But otherwise it was just me; and sadly when we passed the other bus it was empty on two occasions and had just two passengers on board on the third.
My driver reckoned it the buses have been busier at weekends ‘or when there were events on’. He revealed there’s funding for the service for three years which is good news, and I suspect Stagecoach have come up with a good competitive price bearing in mind it’s a school holiday only service and there will be spare resources available.
It was encouraging to see a lot of effort has obviously gone into promoting the Hope Valley Explorer as this is always a challenge with new services, even more so ones which are time limited.
There were prominent posters at both Bamford and Hope stations (and I’m sure at Edale too) ….
… at all bus stops along the route….…. and at the Visitor Centres where there were also supplies of the leaflet.
There was even a poster in the toilets at the Visitor Centre ….I was a bit surprised there weren’t leaflets for the route available on board the bus and the window notices were a bit functional.
Bearing in mind the spectacular views on offer along parts of the route ….…. you’d think Stagecoach would have ensured windows were clear of price information blocking views ….
…. particularly when it’s not even pertinent to the Hope Valley Explorer. Bit of a fail from Stagecoach for that – it makes a mockery of the buses being branded.
More positively an informative commentary plays out from onboard speakers at various points along the route although it’s a bit difficult to hear above the bus engine noise at some points.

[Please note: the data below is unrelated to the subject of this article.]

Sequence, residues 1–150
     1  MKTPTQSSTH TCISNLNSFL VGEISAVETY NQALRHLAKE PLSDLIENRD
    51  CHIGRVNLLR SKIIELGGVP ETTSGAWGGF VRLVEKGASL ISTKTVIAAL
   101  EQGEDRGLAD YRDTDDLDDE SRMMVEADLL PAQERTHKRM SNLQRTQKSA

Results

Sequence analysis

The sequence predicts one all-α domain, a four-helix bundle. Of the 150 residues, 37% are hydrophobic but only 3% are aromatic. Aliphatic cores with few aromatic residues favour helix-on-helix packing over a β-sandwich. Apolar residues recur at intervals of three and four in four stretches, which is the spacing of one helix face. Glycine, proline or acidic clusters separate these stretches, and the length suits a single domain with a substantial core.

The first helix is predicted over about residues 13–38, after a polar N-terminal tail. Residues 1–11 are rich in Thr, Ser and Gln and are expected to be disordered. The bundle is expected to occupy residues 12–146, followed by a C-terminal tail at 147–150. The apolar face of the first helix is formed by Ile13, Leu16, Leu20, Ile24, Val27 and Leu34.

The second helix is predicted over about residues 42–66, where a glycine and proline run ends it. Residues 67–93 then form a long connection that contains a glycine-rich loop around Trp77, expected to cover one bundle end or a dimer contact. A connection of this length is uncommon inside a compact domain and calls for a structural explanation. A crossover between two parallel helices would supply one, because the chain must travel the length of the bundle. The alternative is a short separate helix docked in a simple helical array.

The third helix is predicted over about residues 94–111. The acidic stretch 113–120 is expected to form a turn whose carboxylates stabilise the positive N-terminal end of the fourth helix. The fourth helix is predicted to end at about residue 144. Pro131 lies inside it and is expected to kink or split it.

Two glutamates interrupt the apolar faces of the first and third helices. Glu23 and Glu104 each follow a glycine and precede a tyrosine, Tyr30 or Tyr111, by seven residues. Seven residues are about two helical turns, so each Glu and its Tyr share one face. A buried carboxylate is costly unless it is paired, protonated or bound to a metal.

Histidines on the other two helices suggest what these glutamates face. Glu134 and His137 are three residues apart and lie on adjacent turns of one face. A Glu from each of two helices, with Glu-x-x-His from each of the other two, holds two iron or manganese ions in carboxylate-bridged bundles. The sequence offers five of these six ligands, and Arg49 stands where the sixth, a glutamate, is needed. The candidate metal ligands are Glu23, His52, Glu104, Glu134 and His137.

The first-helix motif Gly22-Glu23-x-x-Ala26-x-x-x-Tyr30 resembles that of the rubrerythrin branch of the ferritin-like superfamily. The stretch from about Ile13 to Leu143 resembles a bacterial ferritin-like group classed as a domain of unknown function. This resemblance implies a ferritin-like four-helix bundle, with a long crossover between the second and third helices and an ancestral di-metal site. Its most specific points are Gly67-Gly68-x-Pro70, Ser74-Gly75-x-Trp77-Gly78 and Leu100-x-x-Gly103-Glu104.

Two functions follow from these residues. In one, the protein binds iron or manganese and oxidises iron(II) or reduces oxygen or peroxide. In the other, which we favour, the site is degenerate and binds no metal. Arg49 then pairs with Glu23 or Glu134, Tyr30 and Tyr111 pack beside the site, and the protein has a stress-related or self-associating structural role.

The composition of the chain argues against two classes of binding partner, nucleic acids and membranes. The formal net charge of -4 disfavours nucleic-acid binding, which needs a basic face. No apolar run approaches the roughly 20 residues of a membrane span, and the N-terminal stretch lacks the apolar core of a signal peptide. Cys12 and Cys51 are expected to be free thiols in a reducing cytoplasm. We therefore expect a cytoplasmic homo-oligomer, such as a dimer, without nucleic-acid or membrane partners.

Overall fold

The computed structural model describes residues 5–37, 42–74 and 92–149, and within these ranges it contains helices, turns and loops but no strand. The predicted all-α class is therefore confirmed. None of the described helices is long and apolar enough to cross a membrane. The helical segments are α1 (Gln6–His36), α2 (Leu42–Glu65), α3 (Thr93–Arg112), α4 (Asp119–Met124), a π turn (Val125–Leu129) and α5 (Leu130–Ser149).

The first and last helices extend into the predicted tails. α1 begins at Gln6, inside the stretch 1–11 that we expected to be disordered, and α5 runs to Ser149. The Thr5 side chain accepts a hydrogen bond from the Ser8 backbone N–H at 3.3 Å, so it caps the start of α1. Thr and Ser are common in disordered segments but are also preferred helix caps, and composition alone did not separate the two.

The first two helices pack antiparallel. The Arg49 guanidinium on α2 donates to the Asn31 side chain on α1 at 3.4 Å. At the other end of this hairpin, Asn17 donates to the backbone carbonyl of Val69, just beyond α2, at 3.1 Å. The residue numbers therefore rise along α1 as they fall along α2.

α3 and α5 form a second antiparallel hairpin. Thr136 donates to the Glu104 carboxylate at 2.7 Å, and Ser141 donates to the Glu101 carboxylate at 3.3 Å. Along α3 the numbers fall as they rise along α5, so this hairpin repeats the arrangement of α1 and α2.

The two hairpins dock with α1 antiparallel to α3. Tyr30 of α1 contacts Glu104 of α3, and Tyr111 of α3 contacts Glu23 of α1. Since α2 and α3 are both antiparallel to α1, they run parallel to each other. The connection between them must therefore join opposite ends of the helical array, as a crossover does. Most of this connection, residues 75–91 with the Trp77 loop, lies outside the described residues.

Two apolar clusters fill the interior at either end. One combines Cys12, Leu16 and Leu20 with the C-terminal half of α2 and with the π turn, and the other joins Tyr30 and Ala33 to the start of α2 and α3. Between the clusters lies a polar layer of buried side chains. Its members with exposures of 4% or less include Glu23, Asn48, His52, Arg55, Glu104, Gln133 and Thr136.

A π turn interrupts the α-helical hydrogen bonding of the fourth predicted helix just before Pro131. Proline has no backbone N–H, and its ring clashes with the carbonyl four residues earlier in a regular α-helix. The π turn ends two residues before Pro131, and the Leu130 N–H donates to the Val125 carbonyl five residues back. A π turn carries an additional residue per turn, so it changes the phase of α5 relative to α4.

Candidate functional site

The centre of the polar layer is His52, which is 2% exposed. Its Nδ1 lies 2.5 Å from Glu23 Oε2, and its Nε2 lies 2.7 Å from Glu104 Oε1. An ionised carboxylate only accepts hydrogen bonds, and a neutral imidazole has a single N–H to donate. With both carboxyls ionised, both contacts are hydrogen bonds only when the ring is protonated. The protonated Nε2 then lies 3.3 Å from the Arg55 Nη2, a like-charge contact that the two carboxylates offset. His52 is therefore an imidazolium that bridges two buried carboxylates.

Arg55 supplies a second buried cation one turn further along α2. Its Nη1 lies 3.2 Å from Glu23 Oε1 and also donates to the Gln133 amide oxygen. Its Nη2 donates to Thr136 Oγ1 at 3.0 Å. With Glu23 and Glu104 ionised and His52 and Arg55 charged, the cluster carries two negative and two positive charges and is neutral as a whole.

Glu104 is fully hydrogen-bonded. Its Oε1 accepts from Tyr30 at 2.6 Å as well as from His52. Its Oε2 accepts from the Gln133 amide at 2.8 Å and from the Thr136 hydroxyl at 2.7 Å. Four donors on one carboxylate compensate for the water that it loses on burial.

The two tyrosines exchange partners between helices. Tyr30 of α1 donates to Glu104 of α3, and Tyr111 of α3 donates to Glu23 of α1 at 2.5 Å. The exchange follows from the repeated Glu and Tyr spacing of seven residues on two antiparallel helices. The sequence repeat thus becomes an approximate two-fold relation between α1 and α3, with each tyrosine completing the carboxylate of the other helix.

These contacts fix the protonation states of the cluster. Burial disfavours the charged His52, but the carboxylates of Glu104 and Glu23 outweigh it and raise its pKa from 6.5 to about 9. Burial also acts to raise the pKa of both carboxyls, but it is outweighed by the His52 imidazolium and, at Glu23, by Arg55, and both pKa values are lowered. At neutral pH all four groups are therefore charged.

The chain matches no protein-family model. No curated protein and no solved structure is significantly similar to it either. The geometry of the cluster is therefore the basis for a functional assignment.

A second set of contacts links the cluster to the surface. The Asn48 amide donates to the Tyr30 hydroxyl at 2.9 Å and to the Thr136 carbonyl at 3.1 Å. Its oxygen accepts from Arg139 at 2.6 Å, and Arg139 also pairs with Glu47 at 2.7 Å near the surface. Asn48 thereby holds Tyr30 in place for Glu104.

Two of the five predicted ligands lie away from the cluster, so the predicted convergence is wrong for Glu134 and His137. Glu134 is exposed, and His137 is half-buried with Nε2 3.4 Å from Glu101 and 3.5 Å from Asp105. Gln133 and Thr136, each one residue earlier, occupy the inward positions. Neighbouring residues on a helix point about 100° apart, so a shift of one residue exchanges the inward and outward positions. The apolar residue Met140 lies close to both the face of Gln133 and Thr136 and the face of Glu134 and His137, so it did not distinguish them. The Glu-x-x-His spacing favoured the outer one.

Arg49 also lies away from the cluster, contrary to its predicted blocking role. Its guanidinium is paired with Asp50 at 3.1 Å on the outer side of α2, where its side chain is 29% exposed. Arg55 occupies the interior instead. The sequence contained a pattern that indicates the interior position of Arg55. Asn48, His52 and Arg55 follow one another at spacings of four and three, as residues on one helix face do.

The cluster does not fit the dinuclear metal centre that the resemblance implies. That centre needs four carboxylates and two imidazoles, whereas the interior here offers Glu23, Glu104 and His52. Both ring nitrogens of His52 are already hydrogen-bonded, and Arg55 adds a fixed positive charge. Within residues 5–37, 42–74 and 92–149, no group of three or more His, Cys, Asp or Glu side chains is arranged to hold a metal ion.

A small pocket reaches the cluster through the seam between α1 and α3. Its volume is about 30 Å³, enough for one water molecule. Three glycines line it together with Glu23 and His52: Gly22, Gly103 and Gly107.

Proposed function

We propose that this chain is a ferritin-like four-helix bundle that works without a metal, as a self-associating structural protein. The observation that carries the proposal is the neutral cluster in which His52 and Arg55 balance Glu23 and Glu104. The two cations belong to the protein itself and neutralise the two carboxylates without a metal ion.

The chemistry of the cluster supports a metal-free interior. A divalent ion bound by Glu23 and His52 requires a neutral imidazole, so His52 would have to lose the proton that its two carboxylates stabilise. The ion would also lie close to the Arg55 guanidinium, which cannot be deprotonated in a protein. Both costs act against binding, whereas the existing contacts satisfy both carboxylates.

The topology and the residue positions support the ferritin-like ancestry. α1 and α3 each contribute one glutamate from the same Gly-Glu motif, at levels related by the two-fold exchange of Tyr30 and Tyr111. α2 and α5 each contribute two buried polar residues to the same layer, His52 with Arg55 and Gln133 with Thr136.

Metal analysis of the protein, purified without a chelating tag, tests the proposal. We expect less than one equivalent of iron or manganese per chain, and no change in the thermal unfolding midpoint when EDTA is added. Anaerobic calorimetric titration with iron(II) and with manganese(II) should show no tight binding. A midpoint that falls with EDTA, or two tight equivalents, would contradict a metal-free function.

It looked like the two drivers were regulars on the route and they seemed friendly to each other, but I detected a lacklustre approach to passengers; albeit there were only five transactions to judge this by.
The H1/H2 provide a greatly enhanced bus service to Derwent Fairholmes (Hulleys route 273 provides just two journeys a day on weekdays with a few more from T M Travel on Sundays) so seven new journeys a day are a great bonus and I don’t know when buses last regularly ran to Blue John Cavern or Edale station but it’s great to see both places now on the bus map, albeit for just four more days until next July.
It made me wonder whether it wouldn’t have been better to spread the funding out over 21 weekends from the end of April to September so passengers get used to the service being there over a longer period of time rather than running on weekdays during the summer school holidays – Dalesbus and Moorsbus find this works well for them.
I appreciate the reason for having a restrictive ticket policy to ensure maximising revenue for the route but it’s a bit off putting to be unable to use tickets like the versatile Derbyshire Wayfarer; and £6 does seem a bit pricey if you’re really only making an out and back journey while £4 is steep if travelling just a short hop.
But I’m very pleased indeed to see this initiative and well done to the Peak District National Park Authority for embracing buses – other National Parks take note.
I used to run a bus company but in retirement enjoy Britain’s splendid scenic delights travelling by bus and train, and commenting along the way.